Pete Silberman’s band of not-so-merry men prove to be a sensational live act
With their dense, intricate arrangements and subject matter that often touches upon—though detractors might say @bear hugs tightly and refuses to let go of, ever”—the bleak and despondent, The Antlers are not a band you’d initially peg as translating effectively from the record to the live arena. Their intense, ethereal brand of dream pop is practically purpose-made for weeping along to in your bedroom, not chanting along to with your pissed-up mate in one hand and an overpriced Red Stripe in the other. Witnessing these songs live is a different kind of gig experience; the stillest crowd you’ve ever seen, all entranced and mesmerized by the heart-wrenching sounds making their way from the stage. And on that level, Pete Silberman’s band of not-so-merry men prove to be a sensational live act.
Opening with the trio of ‘Palace’, ‘Doppelganger’ and ‘Hotel’, the band maintained a serious, detached and almost businesslike demeanour throughout, save for multi-instrumentalist Darby Cicci’s Jason mask as a nod to Halloween. The set relied heavily on their latest two records Familiars and Burst Apart, with their breakthrough Hospice almost completely ignored apart from an early airing of ‘Kettering’ and an encore ‘Epilogue’. As a concept album about a dying loved one, its contents is perhaps too harrowing to be played in anything more than short bursts. The band’s signature multi-layered yet minimalist soundscapes were recreated note perfectly by an army of synthesizers and guitar effects pedals, and Silberman’s ghostly, expressive falsetto—still the band’s most prized asset—was used to devastating effect on tracks such as ‘No Widows’ and the anthemic ‘I Don’t Want Love’, the latter of which proved to be one of the high points of the evening.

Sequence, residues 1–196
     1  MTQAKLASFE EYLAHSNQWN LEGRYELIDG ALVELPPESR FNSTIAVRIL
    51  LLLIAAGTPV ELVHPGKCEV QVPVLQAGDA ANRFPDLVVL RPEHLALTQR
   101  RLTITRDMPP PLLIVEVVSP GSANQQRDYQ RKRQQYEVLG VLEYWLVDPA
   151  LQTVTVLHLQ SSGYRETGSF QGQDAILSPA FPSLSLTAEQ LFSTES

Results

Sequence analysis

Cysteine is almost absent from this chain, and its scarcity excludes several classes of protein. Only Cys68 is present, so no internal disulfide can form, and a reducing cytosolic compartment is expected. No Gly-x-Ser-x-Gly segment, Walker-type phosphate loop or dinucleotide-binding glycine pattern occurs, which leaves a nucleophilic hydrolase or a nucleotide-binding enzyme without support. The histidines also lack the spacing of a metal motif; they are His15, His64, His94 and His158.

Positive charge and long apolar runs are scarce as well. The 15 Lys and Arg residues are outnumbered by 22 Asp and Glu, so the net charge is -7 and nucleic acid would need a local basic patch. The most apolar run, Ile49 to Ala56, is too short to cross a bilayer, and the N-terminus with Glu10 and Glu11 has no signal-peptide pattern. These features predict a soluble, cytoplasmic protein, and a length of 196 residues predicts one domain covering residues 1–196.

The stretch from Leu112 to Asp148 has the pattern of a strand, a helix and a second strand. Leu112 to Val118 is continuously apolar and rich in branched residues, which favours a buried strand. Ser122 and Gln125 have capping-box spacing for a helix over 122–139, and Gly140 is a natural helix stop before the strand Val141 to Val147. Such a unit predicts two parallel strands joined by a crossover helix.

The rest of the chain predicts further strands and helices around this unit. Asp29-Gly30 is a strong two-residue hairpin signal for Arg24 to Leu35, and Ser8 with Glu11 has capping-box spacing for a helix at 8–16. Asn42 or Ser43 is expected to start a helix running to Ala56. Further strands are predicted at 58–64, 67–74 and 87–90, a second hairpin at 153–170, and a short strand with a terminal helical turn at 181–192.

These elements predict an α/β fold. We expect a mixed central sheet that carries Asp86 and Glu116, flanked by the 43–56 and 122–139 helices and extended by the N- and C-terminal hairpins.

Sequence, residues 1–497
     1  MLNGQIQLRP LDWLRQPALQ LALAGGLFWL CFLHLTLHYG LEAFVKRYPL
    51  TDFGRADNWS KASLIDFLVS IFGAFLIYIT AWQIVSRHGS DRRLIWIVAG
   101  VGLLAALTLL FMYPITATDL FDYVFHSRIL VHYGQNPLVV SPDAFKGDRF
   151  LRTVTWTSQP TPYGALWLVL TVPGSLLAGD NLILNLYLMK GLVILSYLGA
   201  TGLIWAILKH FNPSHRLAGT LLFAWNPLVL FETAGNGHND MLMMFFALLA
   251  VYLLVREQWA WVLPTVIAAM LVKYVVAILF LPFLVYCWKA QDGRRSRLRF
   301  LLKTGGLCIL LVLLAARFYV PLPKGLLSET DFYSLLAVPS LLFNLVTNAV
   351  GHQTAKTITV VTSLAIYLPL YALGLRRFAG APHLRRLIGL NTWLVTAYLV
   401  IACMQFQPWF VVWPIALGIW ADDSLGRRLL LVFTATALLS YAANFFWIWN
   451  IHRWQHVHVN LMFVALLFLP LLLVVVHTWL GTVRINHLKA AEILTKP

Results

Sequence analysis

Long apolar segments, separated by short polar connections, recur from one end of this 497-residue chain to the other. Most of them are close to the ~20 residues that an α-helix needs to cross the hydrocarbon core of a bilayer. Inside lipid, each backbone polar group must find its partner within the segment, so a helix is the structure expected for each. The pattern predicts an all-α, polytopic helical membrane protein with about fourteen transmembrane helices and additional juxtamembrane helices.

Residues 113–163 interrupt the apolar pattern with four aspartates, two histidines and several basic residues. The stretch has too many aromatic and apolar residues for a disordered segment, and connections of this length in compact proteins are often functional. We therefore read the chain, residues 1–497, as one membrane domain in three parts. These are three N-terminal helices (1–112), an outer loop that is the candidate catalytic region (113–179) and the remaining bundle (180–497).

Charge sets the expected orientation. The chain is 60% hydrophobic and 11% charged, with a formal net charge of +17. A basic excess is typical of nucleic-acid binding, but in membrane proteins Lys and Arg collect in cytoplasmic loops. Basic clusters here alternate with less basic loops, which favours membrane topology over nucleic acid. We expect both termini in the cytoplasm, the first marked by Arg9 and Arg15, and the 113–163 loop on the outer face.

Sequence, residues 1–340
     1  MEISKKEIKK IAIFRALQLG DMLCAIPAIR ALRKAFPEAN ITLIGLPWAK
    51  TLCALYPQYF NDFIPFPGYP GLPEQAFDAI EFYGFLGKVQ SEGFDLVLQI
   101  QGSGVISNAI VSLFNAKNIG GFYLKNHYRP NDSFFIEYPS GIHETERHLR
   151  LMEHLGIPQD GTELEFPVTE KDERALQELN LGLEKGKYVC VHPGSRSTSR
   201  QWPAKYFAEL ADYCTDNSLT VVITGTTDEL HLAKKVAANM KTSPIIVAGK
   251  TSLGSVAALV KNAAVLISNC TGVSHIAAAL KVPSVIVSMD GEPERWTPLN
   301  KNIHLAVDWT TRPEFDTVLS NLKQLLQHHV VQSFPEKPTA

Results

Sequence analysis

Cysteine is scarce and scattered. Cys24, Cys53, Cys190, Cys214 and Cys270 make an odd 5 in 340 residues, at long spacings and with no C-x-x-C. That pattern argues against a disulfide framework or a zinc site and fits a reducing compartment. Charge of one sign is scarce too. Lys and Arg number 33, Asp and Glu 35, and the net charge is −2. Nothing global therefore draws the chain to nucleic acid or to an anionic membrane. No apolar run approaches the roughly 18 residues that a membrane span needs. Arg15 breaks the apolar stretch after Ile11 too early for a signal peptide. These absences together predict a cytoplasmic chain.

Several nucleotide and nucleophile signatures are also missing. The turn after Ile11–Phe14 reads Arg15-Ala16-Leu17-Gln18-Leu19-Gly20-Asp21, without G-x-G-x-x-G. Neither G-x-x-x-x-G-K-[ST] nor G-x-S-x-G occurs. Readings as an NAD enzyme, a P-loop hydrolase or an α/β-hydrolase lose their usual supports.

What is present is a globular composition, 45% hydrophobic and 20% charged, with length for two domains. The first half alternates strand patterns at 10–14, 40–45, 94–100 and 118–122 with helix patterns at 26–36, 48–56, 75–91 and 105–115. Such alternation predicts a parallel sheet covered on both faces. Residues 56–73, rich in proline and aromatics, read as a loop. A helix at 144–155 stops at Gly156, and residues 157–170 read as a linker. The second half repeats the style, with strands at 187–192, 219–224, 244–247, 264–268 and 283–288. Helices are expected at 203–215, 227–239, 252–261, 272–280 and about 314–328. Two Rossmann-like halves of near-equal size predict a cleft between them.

Live favourite ‘Putting the Dog to Sleep’ closed the main set in typical morbid form, with Silberman yearning “prove to me/I’m not gonna die alone,” over a skipping, dirge-like beat, followed an encore of ‘Refuge’ and ‘Epilogue’ that saw them engage in some sparse guitar and trumpet interplay for the finale. The band swiftly left the stage suddenly and without fanfare, leaving an emotionally fragile crowd to pick up the pieces of their psyche. Though they’ve often been overshadowed by other acts in the Brooklyn indie scene such as The National, The Antlers are a band that deserve their recent newfound exposure, and seeing them perform is an experience quite unlike anything Manchester has been gifted with before.